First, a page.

The Mastodon platform is also Free and Open Source Software, which means it can be customised by other software developers who might want it to look or function differently. Librem Social, for example, took the Mastodon code and altered it so that there are no timelines — you only see posts from people you follow.

Networks like Mastodon and Librem Social could build in algorithmic filtering, but at present they do not. Algorithmic filtering has often been used by Big Social Media networks to maximise user engagement, so that users see more ads and make money for the platform owner. Fediverse platforms do not display ads and do not seek profit, so they do not engage in user exploitation to maximise profits.

Content moderation is left to network administrators and individual users. Many Fediverse networks require users to label graphic or controversial posts as “not safe for work” (NSFW) and remain hidden unless you click “display”. As one can expect, with so many users able to instantaneously communicate with each other, content moderation remains a challenge. The best that can be done to reduce social harms in large networks is probably to have humans hired to manage it. This could be covered by the public purse, but is quite a costly endeavor given the sheer volume of social media traffic. It’s a problem afflicting all social networks.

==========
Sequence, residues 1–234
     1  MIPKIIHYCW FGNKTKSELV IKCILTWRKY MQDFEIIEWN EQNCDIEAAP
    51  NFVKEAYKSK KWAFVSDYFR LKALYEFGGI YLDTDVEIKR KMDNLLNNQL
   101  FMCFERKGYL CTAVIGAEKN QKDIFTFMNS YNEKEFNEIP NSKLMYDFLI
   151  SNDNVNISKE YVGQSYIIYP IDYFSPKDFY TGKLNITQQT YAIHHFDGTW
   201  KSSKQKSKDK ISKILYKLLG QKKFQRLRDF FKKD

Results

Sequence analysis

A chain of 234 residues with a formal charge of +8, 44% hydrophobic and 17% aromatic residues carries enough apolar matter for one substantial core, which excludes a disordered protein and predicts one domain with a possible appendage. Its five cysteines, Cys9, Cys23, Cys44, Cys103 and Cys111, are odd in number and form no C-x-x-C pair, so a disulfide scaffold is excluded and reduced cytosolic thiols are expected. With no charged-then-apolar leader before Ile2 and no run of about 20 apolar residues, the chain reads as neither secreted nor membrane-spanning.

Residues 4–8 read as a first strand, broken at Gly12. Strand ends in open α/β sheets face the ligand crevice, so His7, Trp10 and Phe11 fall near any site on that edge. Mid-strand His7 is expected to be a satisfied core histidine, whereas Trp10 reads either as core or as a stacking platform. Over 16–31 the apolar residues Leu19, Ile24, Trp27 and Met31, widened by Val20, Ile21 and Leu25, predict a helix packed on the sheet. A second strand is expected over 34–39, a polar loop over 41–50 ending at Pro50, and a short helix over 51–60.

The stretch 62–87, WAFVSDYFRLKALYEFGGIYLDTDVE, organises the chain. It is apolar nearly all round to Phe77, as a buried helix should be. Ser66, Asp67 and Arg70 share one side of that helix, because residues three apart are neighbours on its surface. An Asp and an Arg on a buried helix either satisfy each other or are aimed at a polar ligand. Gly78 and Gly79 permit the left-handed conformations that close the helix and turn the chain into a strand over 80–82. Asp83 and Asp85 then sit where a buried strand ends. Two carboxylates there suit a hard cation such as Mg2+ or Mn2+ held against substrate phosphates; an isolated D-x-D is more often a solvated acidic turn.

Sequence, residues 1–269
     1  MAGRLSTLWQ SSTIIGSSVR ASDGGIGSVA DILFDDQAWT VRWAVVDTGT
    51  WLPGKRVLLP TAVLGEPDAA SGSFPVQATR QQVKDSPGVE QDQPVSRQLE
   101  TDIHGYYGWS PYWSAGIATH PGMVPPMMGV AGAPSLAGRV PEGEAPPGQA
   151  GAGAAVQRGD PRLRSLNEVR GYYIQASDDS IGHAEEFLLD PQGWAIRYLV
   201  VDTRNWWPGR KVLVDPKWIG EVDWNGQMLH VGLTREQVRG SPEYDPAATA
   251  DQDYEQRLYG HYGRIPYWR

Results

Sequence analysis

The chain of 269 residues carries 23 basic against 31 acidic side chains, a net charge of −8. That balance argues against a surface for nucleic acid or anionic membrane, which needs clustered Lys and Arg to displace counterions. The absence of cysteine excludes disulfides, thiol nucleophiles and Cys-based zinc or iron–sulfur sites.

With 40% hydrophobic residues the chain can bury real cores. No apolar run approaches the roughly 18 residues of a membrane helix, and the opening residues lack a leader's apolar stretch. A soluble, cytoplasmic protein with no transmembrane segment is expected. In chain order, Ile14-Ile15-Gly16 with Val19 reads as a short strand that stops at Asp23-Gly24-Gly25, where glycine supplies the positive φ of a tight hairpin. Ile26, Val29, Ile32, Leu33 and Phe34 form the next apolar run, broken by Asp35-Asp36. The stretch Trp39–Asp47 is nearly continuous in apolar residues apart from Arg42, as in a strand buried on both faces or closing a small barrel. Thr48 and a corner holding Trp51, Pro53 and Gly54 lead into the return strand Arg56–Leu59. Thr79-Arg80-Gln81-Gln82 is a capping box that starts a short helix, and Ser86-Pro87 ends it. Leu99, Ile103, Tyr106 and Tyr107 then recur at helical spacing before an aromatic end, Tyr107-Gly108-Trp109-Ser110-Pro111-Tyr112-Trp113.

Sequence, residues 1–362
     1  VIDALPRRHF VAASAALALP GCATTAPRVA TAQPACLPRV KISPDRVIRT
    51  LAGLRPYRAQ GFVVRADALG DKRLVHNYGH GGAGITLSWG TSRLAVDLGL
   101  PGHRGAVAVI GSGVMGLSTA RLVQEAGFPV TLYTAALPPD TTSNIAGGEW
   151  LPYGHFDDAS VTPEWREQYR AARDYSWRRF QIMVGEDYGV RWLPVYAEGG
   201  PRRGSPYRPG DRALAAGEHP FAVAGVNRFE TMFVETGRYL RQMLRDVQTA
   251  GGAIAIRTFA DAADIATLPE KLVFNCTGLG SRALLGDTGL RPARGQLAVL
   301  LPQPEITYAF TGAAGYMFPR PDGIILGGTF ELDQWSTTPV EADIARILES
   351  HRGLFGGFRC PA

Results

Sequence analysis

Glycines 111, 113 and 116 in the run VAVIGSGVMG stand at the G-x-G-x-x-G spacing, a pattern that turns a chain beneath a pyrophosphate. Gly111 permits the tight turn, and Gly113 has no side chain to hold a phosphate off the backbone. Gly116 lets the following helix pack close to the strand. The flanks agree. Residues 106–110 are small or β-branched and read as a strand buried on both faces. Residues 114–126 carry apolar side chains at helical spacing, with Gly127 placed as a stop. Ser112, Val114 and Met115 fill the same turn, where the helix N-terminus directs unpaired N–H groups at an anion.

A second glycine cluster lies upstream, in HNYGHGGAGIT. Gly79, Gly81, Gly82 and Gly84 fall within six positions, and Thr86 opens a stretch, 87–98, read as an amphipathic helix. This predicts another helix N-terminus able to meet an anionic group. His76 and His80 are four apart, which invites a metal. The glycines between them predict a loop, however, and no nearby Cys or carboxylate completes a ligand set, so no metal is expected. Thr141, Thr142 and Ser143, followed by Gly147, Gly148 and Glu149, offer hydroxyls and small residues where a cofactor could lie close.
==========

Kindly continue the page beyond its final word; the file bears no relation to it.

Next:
While Fediverse offers privacy from giant centralised actors like Facebook and Twitter, users can still be surveilled by network administrators. This is because the technology is built to channel user activity through each network server (instance), which hosts the data and creates a record of user behavior. Another product called LibreSocial is attempting to improve on this feature by having users host the data and transmission on their own devices, with data shared in a peer-to-peer fashion. Data not meant for public sharing is locked away behind encryption; only the intended recipient can unlock private content.

In time, decentralised social media could form a network of peer-to-peer social networks.

Social media commons vs capitalist social media

The Fediverse offers a real-life example of how social media can be run as an ad-free, nonprofit, community-controlled system. One of its most important features is that it undermines the corporate, profit-seeking, American-dominated world of social media. This is critical, because the world’s people — not just Americans — are subjected to the power of Big Social Media.

Unfortunately, American intellectuals in the mainstream ignore the Fediverse and the option to fully socialise social media as a commons. Instead, these critics predominantly favor using antitrust to break up Facebook into three parts: the Facebook network, Instagram, and WhatsApp ( leaving networks like Twitter and TikTok alone).